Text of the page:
Treating high blood sugar symptoms promptly is essential to avoid damage to your nerves, blood vessels, and kidneys. Learn more about symptoms here.
For people with diabetes, the best way to prevent a bout of high blood sugar is to stick to your plan of care — appropriate meals and exercise and medication. Even if you stay on your plan, an infection or virus can bring on symptoms of high blood sugar. So can stress or a bout of strenuous activity.
Signs to notice: feeling thirsty, headaches, trouble concentrating, blurred vision, frequent peeing, fatigue and weakness, and weight loss. You might be hungry even after eating.
The tricky part is that the symptoms vary from one person to the next, and you may have no symptoms at all.
There are simple at-home ways of treating high blood sugar symptoms. You can drink more water. It will remove the extra sugar through urine.
You can increase your exercise, though you shouldn’t jump up too quickly. If you have diabetes and your blood sugar is high, test your urine for ketones. If you do have ketones, don’t exercise!
You might need to eat fewer carbohydrates in any one meal. You may need to keep a food journal and see a dietician for advice.
But it’s important to stay alert and communicate with your doctor. Test yourself whenever you are suspicious and call your doctor’s office. Often you’ll be asked for several tests to pin down a pattern. If you consistently get readings beyond a normal blood glucose level, you’ll probably need to change the amount, timing, or kind of medication you take.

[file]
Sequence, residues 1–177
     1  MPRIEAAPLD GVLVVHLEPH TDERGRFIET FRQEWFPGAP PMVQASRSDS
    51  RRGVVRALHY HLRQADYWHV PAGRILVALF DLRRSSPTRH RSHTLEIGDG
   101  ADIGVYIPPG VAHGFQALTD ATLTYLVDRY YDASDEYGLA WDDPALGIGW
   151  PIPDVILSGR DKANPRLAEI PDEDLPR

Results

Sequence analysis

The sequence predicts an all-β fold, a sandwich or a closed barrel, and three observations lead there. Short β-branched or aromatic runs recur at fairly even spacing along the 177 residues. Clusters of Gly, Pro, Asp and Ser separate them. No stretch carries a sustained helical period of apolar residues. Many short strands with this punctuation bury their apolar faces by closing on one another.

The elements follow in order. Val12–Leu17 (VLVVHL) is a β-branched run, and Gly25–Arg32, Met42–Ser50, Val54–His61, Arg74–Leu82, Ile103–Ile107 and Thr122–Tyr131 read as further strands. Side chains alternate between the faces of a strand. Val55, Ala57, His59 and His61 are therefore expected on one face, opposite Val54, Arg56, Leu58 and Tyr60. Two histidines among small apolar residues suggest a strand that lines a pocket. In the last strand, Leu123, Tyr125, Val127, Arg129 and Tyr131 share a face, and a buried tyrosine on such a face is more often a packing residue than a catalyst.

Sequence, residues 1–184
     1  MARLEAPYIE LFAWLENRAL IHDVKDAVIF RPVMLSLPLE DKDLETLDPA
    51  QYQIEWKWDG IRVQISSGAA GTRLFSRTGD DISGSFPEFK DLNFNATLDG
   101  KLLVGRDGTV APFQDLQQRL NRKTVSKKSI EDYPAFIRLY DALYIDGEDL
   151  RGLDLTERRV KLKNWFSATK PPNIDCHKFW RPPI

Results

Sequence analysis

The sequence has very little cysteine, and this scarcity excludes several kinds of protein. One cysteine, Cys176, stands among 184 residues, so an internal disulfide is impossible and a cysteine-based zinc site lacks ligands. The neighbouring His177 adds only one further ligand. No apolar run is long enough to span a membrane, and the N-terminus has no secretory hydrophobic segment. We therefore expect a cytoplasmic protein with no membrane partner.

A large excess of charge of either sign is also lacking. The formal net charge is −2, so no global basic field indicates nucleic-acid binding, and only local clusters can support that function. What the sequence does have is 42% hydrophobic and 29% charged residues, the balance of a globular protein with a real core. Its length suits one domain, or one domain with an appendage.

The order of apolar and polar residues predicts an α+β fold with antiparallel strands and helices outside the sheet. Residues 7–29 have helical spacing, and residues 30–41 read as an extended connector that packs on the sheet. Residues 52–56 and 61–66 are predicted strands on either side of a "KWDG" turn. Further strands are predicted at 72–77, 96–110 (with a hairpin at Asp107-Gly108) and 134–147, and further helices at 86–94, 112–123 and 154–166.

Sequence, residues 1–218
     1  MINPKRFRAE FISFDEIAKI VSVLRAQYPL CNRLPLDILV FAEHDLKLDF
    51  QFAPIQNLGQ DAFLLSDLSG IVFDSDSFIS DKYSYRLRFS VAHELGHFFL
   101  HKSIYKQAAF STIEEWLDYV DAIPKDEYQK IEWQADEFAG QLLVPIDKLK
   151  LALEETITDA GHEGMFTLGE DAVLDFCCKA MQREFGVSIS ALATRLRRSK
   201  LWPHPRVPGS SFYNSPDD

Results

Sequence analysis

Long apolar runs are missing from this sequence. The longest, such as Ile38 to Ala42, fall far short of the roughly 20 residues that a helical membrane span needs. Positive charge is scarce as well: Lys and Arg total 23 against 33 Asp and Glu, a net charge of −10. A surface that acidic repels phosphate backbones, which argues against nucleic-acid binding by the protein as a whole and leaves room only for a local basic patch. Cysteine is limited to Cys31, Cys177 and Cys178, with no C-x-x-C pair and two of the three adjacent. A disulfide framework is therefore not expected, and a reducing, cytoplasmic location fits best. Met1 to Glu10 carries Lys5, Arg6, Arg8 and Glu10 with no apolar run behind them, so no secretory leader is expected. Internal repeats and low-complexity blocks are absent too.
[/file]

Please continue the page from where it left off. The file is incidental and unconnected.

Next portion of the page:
Never ignore the issue: People who often veer from a normal blood glucose level develop a variety of problems. Taking care of diabetes is easier than living with the consequences of neglect.
What could go wrong? Your cuts may begin to heal slowly and become infected. Your vision may decline. If you get nerve damage in your feet, they may become painful or feel cold. You might even lose sensitivity in your feet. Some people lose hair on their legs. Men can develop erectile dysfunction.
If you put off treating high blood sugar symptoms too long you could damage your eyes, blood vessels and kidneys.
Extremely high blood sugar can be deadly in people with type 2 diabetes. Your body may become unable to process sugar, a condition called hyperglycemic hyperosmolar nonketotic syndrome. You’ll notice that you’re urinating more often and then less often, and by then your urine may be dark. You will be dehydrated.
If you don’t have a diagnosis of diabetes but notice symptoms of high blood sugar, ask for testing. One test is to check your blood sugar after fasting for at least eight hours. If it is higher than 126 mg/dL (milligrams per deciliter) you are considered to have diabetes.
Another approach is to measure your blood sugar two hours after a standard meal. People without diabetes rarely have blood sugar levels over 140 mg/dL. If yours is 200 mg/dL or more, you are in the diabetes range.
May 23, 2019
Janet O’Dell, RN